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Publisher's Summary

The New York Times best-selling memoir that inspired the film October Sky, Rocket Boys is a uniquely American memoir - a powerful, luminous story of coming of age at the dawn of the 1960s, of a mother's love and a father's fears, of a group of young men who dreamed of launching rockets into outer space... and who made those dreams come true. Nominated for the National Book Critics Circle Award, Homer Hickam's lush, lyrical memoir is a marvelously entertaining chronicle of triumph.

©1998 Homer Hickam (P)2011 Simon & Schuster

Critic Reviews

"A thoroughly charming memoir... [An] eloquent evocation of a lost time and place." ( The New York Times)

What members say

Average Customer Ratings

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  • Paula
  • Overland Park, KS USA
  • 10-03-16

Endearing Memoir of the Early Space Race

Born in the 40's or 50's? This book is for you -- full of nostalgic events and settings that will take you back to a time when poodle skirts and DA hair cuts, saddle oxfords and suede shoes were the fads of the day. Most of all, this memoir recounts in a wonderful voice, the coming to age of Homer Hickam in the coal country of West Virginia. While the story is mostly about boys, it is not just a story of interest to boys. Yes, it has science in it and views the world from the personna of a teenage male, but it will interest women who may remember these days too. It may even interest younger women who want to better understand the events that chartered America's leadership of the space race.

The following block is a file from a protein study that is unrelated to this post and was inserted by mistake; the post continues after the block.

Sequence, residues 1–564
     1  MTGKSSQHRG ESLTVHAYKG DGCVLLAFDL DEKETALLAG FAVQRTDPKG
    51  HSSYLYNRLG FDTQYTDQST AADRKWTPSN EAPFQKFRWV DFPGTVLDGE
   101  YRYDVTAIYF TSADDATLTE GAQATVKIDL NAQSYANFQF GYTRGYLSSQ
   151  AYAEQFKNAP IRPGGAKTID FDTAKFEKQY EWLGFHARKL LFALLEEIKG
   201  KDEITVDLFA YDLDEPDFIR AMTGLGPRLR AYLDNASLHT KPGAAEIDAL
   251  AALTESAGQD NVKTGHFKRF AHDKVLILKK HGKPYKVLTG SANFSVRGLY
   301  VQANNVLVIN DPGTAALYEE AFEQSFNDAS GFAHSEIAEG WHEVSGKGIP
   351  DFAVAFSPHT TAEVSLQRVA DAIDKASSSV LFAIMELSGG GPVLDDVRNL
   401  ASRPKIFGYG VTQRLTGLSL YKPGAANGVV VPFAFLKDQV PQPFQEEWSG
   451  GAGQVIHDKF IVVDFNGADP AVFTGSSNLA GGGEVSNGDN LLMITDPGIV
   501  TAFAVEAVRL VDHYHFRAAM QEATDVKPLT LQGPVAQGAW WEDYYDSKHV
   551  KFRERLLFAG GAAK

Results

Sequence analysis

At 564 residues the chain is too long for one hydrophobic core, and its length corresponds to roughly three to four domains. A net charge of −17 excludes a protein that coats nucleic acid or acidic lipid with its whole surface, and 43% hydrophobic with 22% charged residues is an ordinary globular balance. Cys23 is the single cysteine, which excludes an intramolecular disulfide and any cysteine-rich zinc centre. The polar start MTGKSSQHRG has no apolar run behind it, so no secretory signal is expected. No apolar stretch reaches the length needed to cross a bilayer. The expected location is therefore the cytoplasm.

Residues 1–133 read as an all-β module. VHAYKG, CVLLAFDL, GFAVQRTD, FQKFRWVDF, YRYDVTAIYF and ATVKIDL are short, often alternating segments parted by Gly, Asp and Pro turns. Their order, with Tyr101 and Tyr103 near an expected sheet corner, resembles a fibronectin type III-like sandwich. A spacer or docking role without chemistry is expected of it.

Great narration of a well crafted story. Highly recommended.

8 of 8 people found this review helpful

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  • Joseph
  • YORK, PA, United States
  • 04-21-12

A memoir that reads like a novel

This is a coming of age story in a small West Virginia coal mining town. Not only does the author captivate you with his childhood story, he makes you applaud his and his friends accomplishments with amateur rocketry. His passion and imagination takes him to the stars. A great story showing that with a lot of passion and support, one can do anything in life. Except for his singing, the narrator did a good job. I think he would have been better off reading the lyrics.

4 of 4 people found this review helpful

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Great Story about Growing Up

This book is probably my all time favorite memoir, though I admit I've read relatively little of the genre. It presents a rich portrait of life in late 1950's West Virginia that is simultaneously colored with nostalgia and lamentation. Ultimately though, there is a mostly happy ending that will leave the reader satisfied and with some lasting observations to ponder.

When I first read this book while still in school almost a decade ago, the part that grabbed my attention was the unifying narrative of the BCMA. The observations about the community were interesting, but rather removed from my experience, as was the complicated family dynamic. Now, though still somewhat foreign, and perhaps for that reason, the author's experiences struggling with his parents and the atmosphere of uncertainty that shaped the lives of everyone in his West Virginia mining town are just as if not more intriguing. The book while being nominally about something else, manages to explain the mechanics of mining, and life as a miner. If you didn't go to a high school where the only three likely outcomes for a boy were becoming a miner, a soldier, or going to college on a football scholarship, I think you would find these details enlightening.